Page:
The Wreck of the Twilight Limited
A fictionalized account of the worst accident in Amtrak history that happened in Mobile, Alabama.
In real life, here?s what happened.
On September 22, 1993, in the early morning hours, at 2:35 a.m. to be exact, an Amtrak passenger train headed north out of Mobile derailed on a bridge over Bayou Canot. In dense, impenetrable fog, the bridge had been bumped by one of the barges pushed by a tug boat. The bump put the rails out of line and the train, locomotive first, sailed off the bridge and fell 75 feet. The lead locomotive embedded itself in the bank, some cars went underwater, some dangled in midair, some stayed on the bridge, and some burst into flames.
It was the worst accident in Amtrak history, and 47 people died; 254 people survived. It could have been much worse.
Joe Formichella, a writer in Fairhope, Alabama, decided to write about this wreck, but not until almost 10 years had passed. His first impulse was to write a book like The Perfect Storm, nonfiction, about exactly what happened, what intricate confluence of events, almost like chaos theory (a butterfly?s wing beating in the Yucatan causes a typhoon in Bangladesh), had to happen, in just the correct order, the train, the bridge, the fog, the exact amount of barge bump, in order for events to occur in just this way.
In the course of things, Formichella decided to rework the material in the form of a novel. This decision gave him some freedom, I think, but deprived his book of some of its power.
Instead of The Perfect Storm, we have something like Thornton Wilder?s novel The Bridge at San Luis Rey. Formichella creates a cast of characters who board the train at different places, from L.A. to New Orleans.
He also fictionalizes the rescue workers and the crew of the tugboat Pineda and follows all these different characters as they move, inexorably, towards the moment.
The characters include a freshly minted MD who turns out to be a hero, a young woman who has her first lesbian experience on the train, a couple of families with small children?the regular ship of fools. In Mobile, and I think much more closely modeled on the real-life people, are the black man who is at the wheel of the tug in the fog and the fireman rescue-worker diver who goes into the wreck on a search-and-recovery mission. These two men are the most fully realized characters, and, sadly, they are both emotionally ruined by their experiences.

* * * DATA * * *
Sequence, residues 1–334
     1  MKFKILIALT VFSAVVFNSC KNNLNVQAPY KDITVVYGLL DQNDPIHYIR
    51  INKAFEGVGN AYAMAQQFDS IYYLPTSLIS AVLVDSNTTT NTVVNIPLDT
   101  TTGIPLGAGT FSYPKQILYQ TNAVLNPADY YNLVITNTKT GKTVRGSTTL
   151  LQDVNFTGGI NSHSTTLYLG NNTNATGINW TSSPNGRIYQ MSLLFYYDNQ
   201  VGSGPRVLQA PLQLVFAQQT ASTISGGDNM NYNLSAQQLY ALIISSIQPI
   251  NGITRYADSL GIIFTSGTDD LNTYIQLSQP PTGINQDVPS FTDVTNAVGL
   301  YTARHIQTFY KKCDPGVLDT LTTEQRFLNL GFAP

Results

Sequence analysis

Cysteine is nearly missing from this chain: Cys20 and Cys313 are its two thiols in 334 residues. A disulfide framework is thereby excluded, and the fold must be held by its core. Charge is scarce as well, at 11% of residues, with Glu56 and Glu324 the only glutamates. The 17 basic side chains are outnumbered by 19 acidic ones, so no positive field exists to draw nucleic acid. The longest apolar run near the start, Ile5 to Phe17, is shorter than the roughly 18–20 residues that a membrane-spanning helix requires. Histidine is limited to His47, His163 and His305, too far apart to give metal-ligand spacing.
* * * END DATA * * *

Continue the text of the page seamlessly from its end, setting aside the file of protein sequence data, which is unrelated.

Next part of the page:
Most of the characters on the train, the completely invented ones, are not developed enough. It is as if Formichella lacked confidence in his powers of characterization and feared boring the reader. This is one of the few novels I have read recently which I think might have been better, longer. We need more biography, more background, more psychology, so to speak, so that these men and women move from two dimensions to three. We need to know them better.
And, likewise, we need more in terms of the physics and technology of the matter. Sebastian Yunger does not hesitate to stop his narrative in The Perfect Storm to give us an essay on codfish or the physiology of drowning. Formichella could have given me much more about the towboat and barge industry, the vulnerabilities of railway bridges, the minutiae of railroad safety mechanisms.
This is not a philosophical novel, but it does raise a few provocative issues. In the immediate aftermath, the tug crew were heroes, rescuing victims from the water. 24 hours later, they were labeled ?killers? by the press, held responsible for the damaged bridge, which they could not possibly have seen in the fog. Is there not such a thing as an ?accident?? I think there is.
This is a respectable first novel, but I think that Joe Formichella?s best book is yet to come.